ERP HellBy Ericka Chickowski | Posted 2009-05-15 Email Print
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Big IT projects sometimes go wrong in spectacular ways, with some common themes running through the disaster stories like fault lines.
Perhaps no other wide-scale enterprise project can strike fear into the heart of a CIO or project manager like an enterprise resource planning (ERP) implementation. And for good reason. ERP touches the nerve center of organizations. If something goes wrong, it goes terribly wrong.
American La France Hosed by ERP
Sometimes a nightmare project can put a company in bankruptcy.
Last year, the venerable firetruck manufacturer American LaFrance was forced to undergo Chapter 11 proceedings after what it called “operational disruptions caused by the installation of a new ERP system.” According to information provided to customers, the company incurred $100 million in debt since it spun off from Freightliner in 2005 due to inventory imbalances and ERP malfunction.
“These problems have resulted in slowed production, a large unfulfilled backlog, and a lack of sufficient funds to continue operating,” the company told customers in January 2008.
When American La France initially bought back its business from Freightliner, the plan was to get its former host company to handle accounting, purchasing, inventory, production, payroll and finance until American La France could work with its consultants at IBM to implement a new ERP system that would handle all of these functions.
But after flipping the switch to set the ERP system running in June 2007, American La France encountered inventory difficulties, resulting in serious liquidity issues for the manufacturer. Though American La France said at the time that it was looking into holding IBM legally accountable for its role in the botched ERP implementation, more than a year later no such action has been taken. Since then the company has come out of Chapter 11, worse for the wear after customers complained of late truck deliveries and a shortage of repair parts that made certain firehouses scramble for months to keep their fleets running.
Lessons Learned: Botched ERP implementations can drastically affect operational capabilities. Spin-offs, company sales and M&A activity must be followed by careful infrastructure planning.
Tom Shane Paid Too Much
As our previous example showed, picking one’s way through an enterprise resource planning project can be akin to dancing across a minefield. With so much money and so many critical functions at stake, ERP projects have the potential to make or break a company.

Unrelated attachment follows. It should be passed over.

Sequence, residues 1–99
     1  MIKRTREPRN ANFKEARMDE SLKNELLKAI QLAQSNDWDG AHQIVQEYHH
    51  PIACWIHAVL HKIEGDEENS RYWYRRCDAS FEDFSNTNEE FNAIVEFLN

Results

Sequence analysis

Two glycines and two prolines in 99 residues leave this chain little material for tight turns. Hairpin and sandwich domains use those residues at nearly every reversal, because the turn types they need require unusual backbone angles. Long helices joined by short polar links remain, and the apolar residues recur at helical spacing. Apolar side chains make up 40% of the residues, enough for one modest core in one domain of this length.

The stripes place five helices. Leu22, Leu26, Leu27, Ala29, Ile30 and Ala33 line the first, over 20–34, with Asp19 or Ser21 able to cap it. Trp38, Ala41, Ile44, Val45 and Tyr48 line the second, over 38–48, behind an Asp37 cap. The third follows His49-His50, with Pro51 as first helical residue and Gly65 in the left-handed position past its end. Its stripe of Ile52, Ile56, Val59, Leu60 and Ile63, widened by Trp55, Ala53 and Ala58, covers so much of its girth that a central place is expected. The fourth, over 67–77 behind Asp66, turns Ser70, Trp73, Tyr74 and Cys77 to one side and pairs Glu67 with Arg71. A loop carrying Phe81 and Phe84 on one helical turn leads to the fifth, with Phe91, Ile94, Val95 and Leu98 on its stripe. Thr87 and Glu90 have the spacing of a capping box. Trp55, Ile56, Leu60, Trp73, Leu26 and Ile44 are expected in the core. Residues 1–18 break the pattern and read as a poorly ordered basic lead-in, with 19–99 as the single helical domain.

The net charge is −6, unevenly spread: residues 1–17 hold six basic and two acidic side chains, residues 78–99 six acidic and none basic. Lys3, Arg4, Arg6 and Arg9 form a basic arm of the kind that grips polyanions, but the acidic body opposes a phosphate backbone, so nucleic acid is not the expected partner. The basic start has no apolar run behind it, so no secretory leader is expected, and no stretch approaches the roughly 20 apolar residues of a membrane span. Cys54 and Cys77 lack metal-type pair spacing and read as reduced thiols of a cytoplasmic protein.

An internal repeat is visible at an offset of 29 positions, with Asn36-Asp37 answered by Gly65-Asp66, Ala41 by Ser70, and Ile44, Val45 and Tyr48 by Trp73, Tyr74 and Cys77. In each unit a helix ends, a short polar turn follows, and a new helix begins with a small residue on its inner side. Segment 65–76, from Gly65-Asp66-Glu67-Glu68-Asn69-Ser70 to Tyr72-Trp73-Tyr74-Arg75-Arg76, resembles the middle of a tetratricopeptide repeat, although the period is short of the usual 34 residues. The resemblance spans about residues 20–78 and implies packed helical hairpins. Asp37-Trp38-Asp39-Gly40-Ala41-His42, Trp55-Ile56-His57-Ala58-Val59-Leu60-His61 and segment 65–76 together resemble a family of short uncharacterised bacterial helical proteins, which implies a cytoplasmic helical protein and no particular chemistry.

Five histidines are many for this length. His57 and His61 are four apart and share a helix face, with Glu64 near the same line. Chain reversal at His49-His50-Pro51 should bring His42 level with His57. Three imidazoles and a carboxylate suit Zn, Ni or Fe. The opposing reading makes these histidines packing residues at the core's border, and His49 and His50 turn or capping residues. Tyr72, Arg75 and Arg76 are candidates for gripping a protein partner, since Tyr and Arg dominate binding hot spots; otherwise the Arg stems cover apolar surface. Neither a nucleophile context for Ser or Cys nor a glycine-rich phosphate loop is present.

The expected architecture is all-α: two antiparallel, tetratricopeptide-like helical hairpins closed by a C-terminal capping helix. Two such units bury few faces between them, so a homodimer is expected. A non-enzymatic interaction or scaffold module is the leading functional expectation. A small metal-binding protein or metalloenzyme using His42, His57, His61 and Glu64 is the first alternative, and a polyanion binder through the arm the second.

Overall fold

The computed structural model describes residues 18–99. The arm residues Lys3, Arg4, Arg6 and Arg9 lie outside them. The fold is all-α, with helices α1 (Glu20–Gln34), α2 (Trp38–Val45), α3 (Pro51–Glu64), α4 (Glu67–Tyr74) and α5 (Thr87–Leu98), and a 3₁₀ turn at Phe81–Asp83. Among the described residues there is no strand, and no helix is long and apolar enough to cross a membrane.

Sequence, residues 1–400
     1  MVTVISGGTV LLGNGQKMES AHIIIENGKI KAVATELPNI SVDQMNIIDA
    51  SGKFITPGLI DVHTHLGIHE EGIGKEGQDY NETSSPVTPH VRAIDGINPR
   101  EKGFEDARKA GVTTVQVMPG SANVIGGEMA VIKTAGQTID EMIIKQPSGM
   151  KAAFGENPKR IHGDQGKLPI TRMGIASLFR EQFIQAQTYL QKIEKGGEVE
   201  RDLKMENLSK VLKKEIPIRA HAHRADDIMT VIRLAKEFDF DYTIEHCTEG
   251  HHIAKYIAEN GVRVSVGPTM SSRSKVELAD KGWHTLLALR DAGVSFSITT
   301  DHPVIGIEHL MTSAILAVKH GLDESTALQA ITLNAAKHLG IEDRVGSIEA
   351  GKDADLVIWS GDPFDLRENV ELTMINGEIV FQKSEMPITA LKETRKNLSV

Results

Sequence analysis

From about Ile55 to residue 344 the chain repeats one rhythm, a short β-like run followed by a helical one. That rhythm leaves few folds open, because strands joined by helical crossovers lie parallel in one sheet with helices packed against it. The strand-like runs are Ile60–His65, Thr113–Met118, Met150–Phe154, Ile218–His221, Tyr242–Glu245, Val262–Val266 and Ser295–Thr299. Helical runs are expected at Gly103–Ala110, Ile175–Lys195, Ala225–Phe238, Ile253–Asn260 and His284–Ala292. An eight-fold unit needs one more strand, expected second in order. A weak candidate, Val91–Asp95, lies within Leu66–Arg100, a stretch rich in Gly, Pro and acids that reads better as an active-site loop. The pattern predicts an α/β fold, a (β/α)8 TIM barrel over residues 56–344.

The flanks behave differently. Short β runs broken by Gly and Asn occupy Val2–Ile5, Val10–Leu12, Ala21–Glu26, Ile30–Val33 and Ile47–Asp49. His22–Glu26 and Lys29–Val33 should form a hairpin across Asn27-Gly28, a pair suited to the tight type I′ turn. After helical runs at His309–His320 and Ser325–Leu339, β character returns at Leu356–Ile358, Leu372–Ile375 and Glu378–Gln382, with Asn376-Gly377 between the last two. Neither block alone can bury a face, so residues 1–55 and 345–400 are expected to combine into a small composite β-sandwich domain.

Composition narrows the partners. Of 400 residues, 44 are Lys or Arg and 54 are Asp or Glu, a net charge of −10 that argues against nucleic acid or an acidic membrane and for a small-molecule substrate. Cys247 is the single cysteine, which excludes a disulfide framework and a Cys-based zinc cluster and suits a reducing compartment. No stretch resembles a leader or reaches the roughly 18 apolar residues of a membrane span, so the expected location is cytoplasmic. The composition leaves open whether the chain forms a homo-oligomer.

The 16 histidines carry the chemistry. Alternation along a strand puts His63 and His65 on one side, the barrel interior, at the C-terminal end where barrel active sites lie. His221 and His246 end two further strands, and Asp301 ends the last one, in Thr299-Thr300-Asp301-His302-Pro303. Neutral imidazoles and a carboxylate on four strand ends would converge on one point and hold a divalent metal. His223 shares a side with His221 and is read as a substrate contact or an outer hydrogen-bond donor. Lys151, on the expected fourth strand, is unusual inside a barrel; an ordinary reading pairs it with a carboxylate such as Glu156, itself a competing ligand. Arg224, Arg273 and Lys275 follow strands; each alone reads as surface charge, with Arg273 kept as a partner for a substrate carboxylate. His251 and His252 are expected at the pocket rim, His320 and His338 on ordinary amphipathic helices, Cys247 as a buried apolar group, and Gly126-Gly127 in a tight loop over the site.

Unfortunately for Centennial, Colo.-based Shane Co. Jewelers, its foray into SAP broke the company. In January 2009 the family-owned company announced bankruptcy as a result of poor sales returns from 2007 through 2008 and an SAP implementation that executives said cost the company three times its initial estimate and left store inventories unbalanced.
According to bankruptcy filings, Shane Co. reported that it took three years and $36 million to put in place the SAP AG system after being told by SAP that it would only take one year and $10 million. What’s worse, once the system went live in 2007, Shane experienced nine months of inventory issues that ‘adversely affected sales,’ the company told the court.
Most egregious of these issues was a severe overstock of the wrong products in late 2007. Shane told the court that since then it managed to sell off the overstocked products and stabilize the SAP system, but that the financial damage was already done. In 2008 the company experienced a 32 percent decline in sales during the holiday season.
Bankruptcy filings show the company owes more than $100 million to creditors. Shane told the court that it was revamping operations, scrapping plans for new headquarters and putting the kibosh on store expansions. During the bankruptcy, company founder Tom Shane is lending the company money from a separate business he owns to keep Shane Co. operational.
Lessons Learned: Appropriate vendor selection and realistic project goals are imperatives for successful ERP implementations.